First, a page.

Saturday morning, I headed off at 5:00 AM for a 1 hour drive to Colinet River. It's only 75 KMs, but moose activity is heavy that hour of the day, so slow driving is necessary unless you wish to take a chance on one of those 800+ lb animals rearranging the front of your vehicle and possibly ending a good day, maybe your life.
This is a scheduled salmon river, but with the salmon season closed, this river is still open for Sea Run Browns, as long as you follow regular salmon fishing rules (I.e.: posession of valid salmon license, barbless hooks, etc). The possibility of catching trout was only a bonus, my main reasons were to familiarize myself with the river (never fished there before) and to get some practice on fast water techniques.
I got to the river by 6, just as dawn was breaking and without having enough light to safely climb down the bank. The sky at this point threatened to prove the forecast of a sunny day wrong, but I trusted the "weather Gods" and forged ahead.
Shortly after that, waders were donned, vest was checked and on, rod was assembled, and I was off.
At this location, the river is very slow, fairly deep and about 120 ft wide. It is close to the mouth where it meets St. Mary's bay, so heavily affected by tides. It was easy walking as the tide was about bottom low because of an extremely low tide.
Walked slowly upstream, picking and choosing my areas to cast, but not seeing any sign of fish.
I reached the lower end of Island Pool just as the sun was rising and the sky was getting bright.
As I paused to get the camera out of the vest, I realized how beautiful this place was, and how quiet.
There were no sounds except for the birds waking and the water tumbling over the rocks, and across the river, the faint sound of a stream.
Looking downstream, I could see a clear line in the light morning mist of the sun illuminating the west side of the river while the east was still in deep shadow.
Looking upstream, I could see heavier mist, with the same separation of light and dark shadow.
I stayed where I was for a while, not casting, just enjoying the scenery and the morning wilderness sounds, 'till the sun was over the trees.
Luckily, this is a place where people respect the environment. Except for an unfortunate ATV (we call them "Bog Bikes" here) trail up the side of the river, there's nothing in the way of garbage and trash to scar or mar the landscape, not even a cigarette butt. Except for the wide trail up the side, the only thing that wasn't natural was an eel net (I should have taken a picture of that set-up).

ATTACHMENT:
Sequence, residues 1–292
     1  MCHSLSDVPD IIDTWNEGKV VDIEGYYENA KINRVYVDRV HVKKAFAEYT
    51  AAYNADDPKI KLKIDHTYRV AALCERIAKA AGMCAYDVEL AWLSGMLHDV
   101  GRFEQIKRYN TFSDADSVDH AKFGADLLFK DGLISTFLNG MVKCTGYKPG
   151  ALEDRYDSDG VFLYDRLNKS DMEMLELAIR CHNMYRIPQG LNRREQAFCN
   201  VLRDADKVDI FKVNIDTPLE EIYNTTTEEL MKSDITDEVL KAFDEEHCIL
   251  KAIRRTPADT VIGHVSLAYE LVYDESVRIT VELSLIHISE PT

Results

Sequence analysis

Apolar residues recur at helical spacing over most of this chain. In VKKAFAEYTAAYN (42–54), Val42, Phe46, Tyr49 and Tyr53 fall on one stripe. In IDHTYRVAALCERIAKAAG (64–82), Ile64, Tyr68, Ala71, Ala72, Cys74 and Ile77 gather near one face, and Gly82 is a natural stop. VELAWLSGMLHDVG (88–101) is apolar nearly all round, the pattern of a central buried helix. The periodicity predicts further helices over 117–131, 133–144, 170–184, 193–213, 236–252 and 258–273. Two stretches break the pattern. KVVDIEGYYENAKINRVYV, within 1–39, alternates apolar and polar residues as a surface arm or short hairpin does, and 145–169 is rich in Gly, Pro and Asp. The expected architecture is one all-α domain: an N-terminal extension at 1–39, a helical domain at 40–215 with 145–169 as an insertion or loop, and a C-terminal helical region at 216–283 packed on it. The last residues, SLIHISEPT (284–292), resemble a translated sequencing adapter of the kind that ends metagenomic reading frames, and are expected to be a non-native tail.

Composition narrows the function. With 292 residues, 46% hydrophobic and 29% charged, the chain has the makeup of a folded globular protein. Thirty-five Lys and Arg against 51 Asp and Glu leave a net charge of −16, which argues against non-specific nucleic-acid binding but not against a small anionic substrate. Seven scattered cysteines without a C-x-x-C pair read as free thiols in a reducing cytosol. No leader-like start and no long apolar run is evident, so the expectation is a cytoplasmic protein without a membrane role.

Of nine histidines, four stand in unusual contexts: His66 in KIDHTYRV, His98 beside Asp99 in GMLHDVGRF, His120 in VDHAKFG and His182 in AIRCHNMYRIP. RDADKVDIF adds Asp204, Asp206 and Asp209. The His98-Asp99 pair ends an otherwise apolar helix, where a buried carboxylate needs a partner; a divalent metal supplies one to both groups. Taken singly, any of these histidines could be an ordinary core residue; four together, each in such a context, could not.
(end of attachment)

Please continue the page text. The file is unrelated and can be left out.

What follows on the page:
A couple of hours after this, I had reached the upper extent of my planned travels up the river to a wide pool with a nice mixture of fast and still water, a nice place to practice mending. I tied on a # 10 Silver Doctor, not really expecting to hook anything. I just figure a dry is the best was to see how your fly is reacting to your mending efforts and the activity of the currents. I did this for about an hour, and as I was ready to work back to the car, I eyed a fellow fisherman working his way up the river. I stayed where I was until he crossed at the small riffles at a small island. I hooked the fly to the "keeper" and started wading down as quietly as I could. As I neared the island, he came back across to the side I was on and walked up, introducing himself. He asked how the fishing was, and I said slow, but still a wonderful morning. He asked what I was using, and I told him. The look of wonder on his face prompted me to explain I was a noob, and spending time practicing fishing in faster water.
After I told him I'd never been on this river before, he told me where the good pools are, and where the "less obvious" hot-spots are. He then opened his fly box and handed me a fly that he said works great on this river. He said he ties all his own flies and it's been years since he'd used a store bought fly. As etiquette would go, I opened my box and asked if anything I had would interest him in return. He politely declined.
I don't know what the fly is, maybe some of you folks will recognize the pattern, or maybe it's something of his own creation.
We parted shortly after that, wishing each other the best of luck. He fished down faster than I, and I just lagged behind, again practicing casting across & up, and across & down. I got back to the car at noon and headed back home.
Never hooked a fish all day. But the day was as close to perfect as you could get.
Again, I proved to myself, fishing isn't just about catching fish. Between the scenery, the sounds, the solitude (for the most part) and the knowledge I had improved my skills somewhat, made it a successful outing. Instead of bringing home something to go in the pan, I brought home memories and knowledge.
To me, there's no fish worth that.